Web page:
While breast augmentation continues to be the most requested cosmetic surgery procedure, mastopexy (breast-lift) procedures are also now growing exponentially. In fact, in the last 18 years, the number of women opting for breast-lift procedures has risen over 600 percent according to the American Society of Aesthetic Plastic Surgery. This upward trend in cosmetic breast surgery isn’t so much about what you’re lacking but instead what you’ve actually lost.
So, what exactly causes breasts to migrate south? A woman’s breasts change in size, shape and position on her chest throughout her life and because the breast is composed of mammary glands, fat and ligaments it is highly vulnerable to the effects of gravity and sadly, no amount of exercise, weight lifting or expensive topical creams, can boost the breast.
Several factors contribute to breast sagging (ptosis) including pregnancy, age, heredity, significant weight gain or loss and large breasts which are disproportionate to body size. Essentially the skin that envelopes the breast and the ligaments within the breast stretch over time in response to the forces of pregnancy, breastfeeding and gravity. The end result is a breast that migrates downward with loss of breast shape and a lower nipple position. In the most severe cases the nipple ends up pointing down towards the ground.
Stages of Ptosis
- Grade I: Minor ptosis—The nipple is at the level of the infra-mammary fold and most of the breast tissue is above the fold.
- Grade II: Moderate ptosis—The nipple and breast tissue are both located below the infra-mammary fold.
- Grade III: Severe ptosis—The nipple points downwards and most of the breast tissue is below the infra-mammary fold.
- Grade IV: Pseudoptosis—The nipple is located either at or above the infra-mammary fold while the remainder of the breast tissue has sagged below the fold. This can often be seen when a woman stops nursing, as her milk glands atrophy, causing her breast tissue to sag.
- Parenchymal Maldistribution—The lower breast tissue is lacking fullness, the infra-mammary fold is very high, and the nipple and areola are relatively close to the fold. This is usually a developmental deformity.
Lifting the breast can be achieved through a variety of incision patterns and techniques. The appropriate technique is determined based on your breast size and shape, size and position of your areolas, degree of breast sagging, skin quality and elasticity, as well as the amount of extra skin.
The “Donut” (Benelli) Lift
One incision is made around the areola and a second incision is made outside the areolar incision. The outer incision is close to the inner incision. The “Donut” lift can only achieve a limited amount of nipple repositioning and does almost nothing to lift sagging breast tissue. Therefore it can only be used for a limited number of breast shapes.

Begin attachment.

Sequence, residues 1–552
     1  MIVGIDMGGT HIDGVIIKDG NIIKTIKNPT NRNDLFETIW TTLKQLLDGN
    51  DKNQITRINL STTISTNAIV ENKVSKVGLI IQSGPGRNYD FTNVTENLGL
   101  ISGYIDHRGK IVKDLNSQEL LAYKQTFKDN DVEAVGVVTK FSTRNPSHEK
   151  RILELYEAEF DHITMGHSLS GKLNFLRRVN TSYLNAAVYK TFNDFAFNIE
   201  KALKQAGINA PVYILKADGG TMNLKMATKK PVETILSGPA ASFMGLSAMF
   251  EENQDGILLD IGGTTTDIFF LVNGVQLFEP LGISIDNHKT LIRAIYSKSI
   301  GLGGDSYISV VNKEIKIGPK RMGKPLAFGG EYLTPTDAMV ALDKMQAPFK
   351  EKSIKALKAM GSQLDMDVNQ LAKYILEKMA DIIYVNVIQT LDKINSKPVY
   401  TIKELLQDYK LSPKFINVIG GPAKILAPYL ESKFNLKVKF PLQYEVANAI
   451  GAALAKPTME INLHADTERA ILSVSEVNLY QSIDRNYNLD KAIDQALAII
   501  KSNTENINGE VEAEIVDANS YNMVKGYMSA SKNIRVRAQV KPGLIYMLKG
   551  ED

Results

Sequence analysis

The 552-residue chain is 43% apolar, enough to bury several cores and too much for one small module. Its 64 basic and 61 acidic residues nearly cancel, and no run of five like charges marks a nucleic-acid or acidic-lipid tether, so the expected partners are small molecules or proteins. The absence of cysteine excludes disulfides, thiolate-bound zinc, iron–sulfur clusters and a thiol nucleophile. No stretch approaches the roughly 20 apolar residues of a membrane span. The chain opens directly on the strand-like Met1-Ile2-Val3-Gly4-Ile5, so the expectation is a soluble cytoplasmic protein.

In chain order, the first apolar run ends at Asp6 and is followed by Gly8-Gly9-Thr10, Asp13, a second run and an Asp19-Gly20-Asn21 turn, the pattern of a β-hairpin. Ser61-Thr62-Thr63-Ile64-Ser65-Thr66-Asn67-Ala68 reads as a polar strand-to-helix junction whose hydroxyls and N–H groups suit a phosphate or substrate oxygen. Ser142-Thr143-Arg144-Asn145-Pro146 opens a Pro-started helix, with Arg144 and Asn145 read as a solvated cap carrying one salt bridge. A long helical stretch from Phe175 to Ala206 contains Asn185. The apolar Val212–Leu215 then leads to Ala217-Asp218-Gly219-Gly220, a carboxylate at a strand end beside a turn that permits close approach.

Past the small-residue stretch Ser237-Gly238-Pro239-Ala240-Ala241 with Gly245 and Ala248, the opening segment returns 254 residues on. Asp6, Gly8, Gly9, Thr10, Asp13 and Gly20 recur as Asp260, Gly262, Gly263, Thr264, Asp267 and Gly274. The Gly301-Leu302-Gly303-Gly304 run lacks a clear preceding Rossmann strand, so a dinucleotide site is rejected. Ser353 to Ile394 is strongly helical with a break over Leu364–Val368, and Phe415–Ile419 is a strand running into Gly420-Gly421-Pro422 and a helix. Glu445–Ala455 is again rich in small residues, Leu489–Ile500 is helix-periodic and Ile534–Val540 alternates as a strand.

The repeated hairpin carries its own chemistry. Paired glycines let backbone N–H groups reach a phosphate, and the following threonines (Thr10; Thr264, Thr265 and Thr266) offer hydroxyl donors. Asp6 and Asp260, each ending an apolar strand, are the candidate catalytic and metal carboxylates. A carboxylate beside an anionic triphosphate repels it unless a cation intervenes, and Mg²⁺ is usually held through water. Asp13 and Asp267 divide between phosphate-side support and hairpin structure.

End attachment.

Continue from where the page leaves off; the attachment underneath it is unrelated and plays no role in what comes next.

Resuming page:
The “Lollipop” (Vertical) Lift
An incision is made around the perimeter of the areola and vertically down from areola to breast crease. This type of lift allows for greater repositioning of the nipple and elevation of the breast tissue. Because skin is only removed in a horizontal direction, the result is typically a much fuller lower breast pole and little or no change to the upper breast.
The “Anchor” Lift
An incision is made around the perimeter of the areola, vertically down from the areola to the breast crease and horizontally along the breast crease. The most powerful technique it is best for correcting more extensive degrees of breast ptosis.
Some incision lines resulting from the breast lift are concealed in the natural breast contours; however, others are visible on the breast surface. Incision lines result in scars which are permanent, but in most cases will fade and significantly improve over time. While most women desire the smallest scar possible it is very important that you do not diminish your results by demanding an incision that will not be appropriate for your breast shape.
Where Did My Boobs Go?
Once your breasts are back where they belong you may find that they have diminished in size. If so, a breast augmentation procedure may be recommended to further enhance your new, uplifted breasts and provide greater upper pole fullness.
One Stage Lift or Two Stage Lift?
There are times when staging the procedures is clearly the better choice to achieve the optimal and most durable result; particularly for patients who need a significant lift or who want a larger implant. For those that need minimal lifting and a smaller implant, good consistent results can be achieved in a single stage procedure. The combination of a simultaneous implant with a breast lift is a highly complicated procedure and is associated with a very high revision rate. That is not to say that in certain situations it can’t be done successfully as one procedure, but if not, the results can range from mediocre to disastrous and fixing it secondarily can be difficult and expensive. For that reason many patients are better off if the operations are done in two stages.
Staged Procedure; Anchor Mastopexy followed by Breast Augmentation 3 months later. Photo taken at 6 months post-op.
Can You Lift Saggy Breasts with Just an Implant?
In a word…NO! Breast implants do not lift breasts. An implant can give the illusion of a lift by creating more breast fullness in the upper pole as well as slightly rotating the nipple upwards so the breast shape may be enhanced but the breast tissue is not actually lifted and over time your breasts will continue to drop even further.